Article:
Claire Alexandria




When the villain loved herself
flowers grew into the ground;
talking skies surrounded me
full of people with arms for wings
flapping hard to demonstrate
it was their effort made them fly
and not the magic from the witch.

I worked at a grocery store selling
air: we took the breath from the mouths
of customers and gave it back
to them at a cost of arcade tokens.

After work I'd go down to the pier
and spend hours playing skee ball
until I had enough tickets to exchange
for food - most expensive was the stalk
of broccoli they strapped to the wall.
I paid for them to take their prisoner down
but they'd always replace that symbol
by tomorrow. On the way home it

was summer after the rain when the witch
died young. Certain things locked in place.
Lamps line streets with nodding heads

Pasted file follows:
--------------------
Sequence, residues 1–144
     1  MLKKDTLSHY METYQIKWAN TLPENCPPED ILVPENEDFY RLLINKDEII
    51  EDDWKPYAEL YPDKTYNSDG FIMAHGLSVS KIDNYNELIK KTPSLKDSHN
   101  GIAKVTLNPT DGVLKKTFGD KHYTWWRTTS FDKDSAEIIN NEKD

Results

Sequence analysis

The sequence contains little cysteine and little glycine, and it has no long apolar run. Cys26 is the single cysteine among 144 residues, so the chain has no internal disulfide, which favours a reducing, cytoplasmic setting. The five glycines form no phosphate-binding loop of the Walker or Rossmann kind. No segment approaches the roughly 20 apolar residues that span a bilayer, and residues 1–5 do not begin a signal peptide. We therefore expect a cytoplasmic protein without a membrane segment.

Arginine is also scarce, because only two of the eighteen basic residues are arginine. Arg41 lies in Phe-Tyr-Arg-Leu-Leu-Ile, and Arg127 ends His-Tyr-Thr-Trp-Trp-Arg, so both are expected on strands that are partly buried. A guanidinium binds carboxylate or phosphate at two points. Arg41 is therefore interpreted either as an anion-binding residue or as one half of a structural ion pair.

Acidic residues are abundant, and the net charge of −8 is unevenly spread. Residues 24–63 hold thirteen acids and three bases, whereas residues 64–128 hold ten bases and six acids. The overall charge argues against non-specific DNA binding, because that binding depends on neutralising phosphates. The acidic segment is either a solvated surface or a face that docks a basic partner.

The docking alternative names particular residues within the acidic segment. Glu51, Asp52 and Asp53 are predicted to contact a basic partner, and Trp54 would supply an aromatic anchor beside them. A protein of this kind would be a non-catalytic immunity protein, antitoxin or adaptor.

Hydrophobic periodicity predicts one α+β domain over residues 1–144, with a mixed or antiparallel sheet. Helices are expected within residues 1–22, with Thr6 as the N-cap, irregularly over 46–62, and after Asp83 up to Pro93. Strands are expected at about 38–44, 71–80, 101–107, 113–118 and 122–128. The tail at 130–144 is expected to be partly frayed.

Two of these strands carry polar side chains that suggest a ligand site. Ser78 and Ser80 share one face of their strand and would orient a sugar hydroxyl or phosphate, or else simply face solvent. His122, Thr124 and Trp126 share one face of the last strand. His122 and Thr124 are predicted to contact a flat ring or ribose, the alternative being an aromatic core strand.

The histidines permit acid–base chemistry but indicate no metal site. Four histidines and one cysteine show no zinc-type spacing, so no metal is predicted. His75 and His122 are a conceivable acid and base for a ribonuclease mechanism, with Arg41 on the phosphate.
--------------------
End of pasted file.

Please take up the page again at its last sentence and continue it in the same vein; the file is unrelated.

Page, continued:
I search sidewalks to be reflected
leaves shine with water they collected.

At home, I still must press the record button
that replaced our door bell so the family can
save our arguments and later prove just
who was wrong. We leave the CDs in a bin
on our front lawn with all of our greatest hits.





At a red light, I listen to my blinker
as the night walls off every road
but the one taking me home

where I find dad killed
germs with hands like moons
scrubbing holes in the earth
until fire cracked through it.

In my room
I bow to the bureau
I bow to the bed
everything cleaned
everything dead.

Last night I lay on the carpet crying
at a friend's in dark so dense
we floated, rocks on water
shouldering the surface
when she said, "think happy thoughts." 
I told her I don't have any.
"What about Jumanji?" 
I said I liked Jumaniji.

Alex unwrapped her hug from me.
We all went back to try to sleep
people's heads by people's feet.





Claire Alexandria practices dying in New Hampshire. Her poems have appeared or are forthcoming in Alien Mouth and DIAGRAM.